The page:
Missile Casing Weight Question


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21 April 2009
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I was reading an article about the Reuseable Solid Rocket Motor ("RSRM") and it had details of propellant and rocket casing weight. Due to the fact that the RSRM is built robustly in order for it to be reused the casing weight has to be a higher ratio of total weight of the system than an ICBM for example. I could not find comparable information for SLBMs or ICBMs. Can someone provide me with a link or a rough estimate of how much lighter a one time use carbon fibre casing would be.

The information I have on the RSRM is; Total weight 1,300,000 lbs made up of propellant - 1,100,000 and casing, 200,000 lbs for a casing to system weight ratio of 15.38%
RSRM has a propellant mass fraction of about 85.15% (propellant mass is in fact 1.107Mlb). Compare to non-reusable steel-wall solid boosters of similar age; Titan III's SRM has a propellant mass fraction of 85.26%, and Titan IV's 86.2%. Castor VIA (Delta) has a propellant mass fraction of around 86% (depending on whether or not it is ground lit).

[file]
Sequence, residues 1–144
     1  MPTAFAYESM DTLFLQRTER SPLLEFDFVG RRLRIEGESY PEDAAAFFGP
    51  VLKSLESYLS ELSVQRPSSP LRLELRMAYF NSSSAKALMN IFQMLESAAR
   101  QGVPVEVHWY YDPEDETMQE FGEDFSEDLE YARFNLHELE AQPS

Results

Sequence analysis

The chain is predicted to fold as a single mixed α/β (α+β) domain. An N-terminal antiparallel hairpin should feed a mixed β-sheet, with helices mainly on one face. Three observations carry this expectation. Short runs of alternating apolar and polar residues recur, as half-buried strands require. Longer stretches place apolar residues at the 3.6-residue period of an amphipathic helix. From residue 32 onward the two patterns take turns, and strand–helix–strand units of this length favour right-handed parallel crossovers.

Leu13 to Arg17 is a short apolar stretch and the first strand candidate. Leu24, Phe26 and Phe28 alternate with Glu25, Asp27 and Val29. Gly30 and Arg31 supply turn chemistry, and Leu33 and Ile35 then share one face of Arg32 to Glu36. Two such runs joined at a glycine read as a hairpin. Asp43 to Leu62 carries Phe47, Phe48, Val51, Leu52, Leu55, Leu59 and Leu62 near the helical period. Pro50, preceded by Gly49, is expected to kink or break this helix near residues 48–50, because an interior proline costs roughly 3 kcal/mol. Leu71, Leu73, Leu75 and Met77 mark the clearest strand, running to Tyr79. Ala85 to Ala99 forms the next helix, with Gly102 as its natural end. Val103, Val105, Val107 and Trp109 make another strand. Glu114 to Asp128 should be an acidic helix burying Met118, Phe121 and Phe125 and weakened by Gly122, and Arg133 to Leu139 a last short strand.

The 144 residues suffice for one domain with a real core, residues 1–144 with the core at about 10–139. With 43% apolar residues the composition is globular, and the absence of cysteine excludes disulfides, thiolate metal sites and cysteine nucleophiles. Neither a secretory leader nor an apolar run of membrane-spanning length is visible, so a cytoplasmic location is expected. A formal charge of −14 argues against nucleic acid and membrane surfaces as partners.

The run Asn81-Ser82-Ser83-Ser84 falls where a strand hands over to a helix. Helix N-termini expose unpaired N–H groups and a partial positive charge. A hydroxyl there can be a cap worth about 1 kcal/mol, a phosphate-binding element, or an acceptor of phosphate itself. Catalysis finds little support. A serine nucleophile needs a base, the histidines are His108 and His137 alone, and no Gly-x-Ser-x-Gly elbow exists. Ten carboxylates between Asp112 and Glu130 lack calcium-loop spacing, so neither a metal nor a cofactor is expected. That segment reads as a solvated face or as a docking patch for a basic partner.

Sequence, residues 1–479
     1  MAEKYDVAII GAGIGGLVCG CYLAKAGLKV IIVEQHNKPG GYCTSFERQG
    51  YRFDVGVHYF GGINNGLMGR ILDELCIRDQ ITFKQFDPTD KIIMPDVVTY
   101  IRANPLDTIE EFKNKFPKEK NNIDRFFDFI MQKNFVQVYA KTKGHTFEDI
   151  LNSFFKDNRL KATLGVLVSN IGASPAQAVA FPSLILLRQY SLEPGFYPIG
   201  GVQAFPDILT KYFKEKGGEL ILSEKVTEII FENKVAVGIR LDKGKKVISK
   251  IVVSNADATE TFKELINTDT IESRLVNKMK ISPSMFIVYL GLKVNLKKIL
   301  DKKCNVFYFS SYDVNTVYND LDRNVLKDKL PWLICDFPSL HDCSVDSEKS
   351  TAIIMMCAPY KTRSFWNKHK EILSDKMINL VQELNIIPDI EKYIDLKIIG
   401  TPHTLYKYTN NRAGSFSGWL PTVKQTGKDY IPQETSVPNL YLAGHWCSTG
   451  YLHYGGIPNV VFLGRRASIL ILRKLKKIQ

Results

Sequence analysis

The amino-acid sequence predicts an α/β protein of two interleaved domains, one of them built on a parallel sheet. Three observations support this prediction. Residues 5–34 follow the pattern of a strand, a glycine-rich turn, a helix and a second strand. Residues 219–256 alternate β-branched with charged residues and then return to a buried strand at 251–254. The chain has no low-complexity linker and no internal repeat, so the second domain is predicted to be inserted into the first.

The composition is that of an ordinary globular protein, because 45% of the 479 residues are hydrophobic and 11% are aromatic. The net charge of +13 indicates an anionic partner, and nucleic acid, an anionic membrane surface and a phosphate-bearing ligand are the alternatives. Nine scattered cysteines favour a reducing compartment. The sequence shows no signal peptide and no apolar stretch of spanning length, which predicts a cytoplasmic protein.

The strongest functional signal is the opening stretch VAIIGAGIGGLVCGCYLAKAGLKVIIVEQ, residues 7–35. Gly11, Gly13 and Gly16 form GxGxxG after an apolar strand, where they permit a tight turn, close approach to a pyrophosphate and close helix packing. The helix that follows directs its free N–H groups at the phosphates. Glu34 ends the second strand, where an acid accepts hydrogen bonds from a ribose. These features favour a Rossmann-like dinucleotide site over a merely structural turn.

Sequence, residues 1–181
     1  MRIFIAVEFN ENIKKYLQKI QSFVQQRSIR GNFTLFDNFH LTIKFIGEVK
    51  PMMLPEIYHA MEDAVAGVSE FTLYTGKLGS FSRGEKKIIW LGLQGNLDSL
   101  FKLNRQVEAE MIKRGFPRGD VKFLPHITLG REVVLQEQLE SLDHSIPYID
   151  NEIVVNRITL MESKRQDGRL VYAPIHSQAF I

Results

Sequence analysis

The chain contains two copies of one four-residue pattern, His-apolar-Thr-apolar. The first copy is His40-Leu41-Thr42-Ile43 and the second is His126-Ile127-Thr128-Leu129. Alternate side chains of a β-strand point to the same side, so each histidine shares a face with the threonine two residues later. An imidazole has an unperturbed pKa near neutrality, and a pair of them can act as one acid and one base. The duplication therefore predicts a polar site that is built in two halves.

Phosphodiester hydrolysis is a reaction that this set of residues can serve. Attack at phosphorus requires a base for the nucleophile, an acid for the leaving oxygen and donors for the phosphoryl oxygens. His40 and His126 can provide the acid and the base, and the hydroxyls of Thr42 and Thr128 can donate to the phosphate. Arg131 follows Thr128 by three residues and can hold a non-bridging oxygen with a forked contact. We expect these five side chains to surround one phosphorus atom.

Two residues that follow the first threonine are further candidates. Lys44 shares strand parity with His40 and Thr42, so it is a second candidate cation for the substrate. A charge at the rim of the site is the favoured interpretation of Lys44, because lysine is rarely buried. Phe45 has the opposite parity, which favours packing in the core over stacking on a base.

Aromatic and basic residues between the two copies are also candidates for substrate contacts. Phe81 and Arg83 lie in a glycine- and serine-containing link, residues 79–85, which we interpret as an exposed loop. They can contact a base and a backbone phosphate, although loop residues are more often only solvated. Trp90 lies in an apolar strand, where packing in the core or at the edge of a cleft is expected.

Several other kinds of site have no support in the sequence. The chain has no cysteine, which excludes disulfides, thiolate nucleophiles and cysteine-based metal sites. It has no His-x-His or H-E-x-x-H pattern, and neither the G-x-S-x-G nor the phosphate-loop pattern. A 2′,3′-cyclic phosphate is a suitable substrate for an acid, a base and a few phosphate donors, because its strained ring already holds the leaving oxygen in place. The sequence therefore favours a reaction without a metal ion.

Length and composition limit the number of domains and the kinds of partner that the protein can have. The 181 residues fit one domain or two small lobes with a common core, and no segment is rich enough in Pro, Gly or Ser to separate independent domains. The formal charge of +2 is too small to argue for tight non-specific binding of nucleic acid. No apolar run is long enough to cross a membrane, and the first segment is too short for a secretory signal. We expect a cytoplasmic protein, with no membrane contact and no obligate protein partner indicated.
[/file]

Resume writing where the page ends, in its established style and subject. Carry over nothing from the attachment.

By far the dominant loading is due to chamber pressure, which is independent of reuse. Aside from parachutes and such (which are, compared to the steel case, of negligible weight), I'm not sure why one would assume a reusable booster would weigh a great deal more than a throwaway, assuming the same materials. Indeed, experience seems to bear this out. Certainly I expect the weight cost of designing a man-rated system would be as bad or worse.

Filament-would cases (ie composite) can hit substantially higher mass fractions, as you'd expect; GEM-40 is around 90.5%, as is Titan-IV SRMU. Shuttle's ASRM/FWC would probably have had a similar mass fraction.
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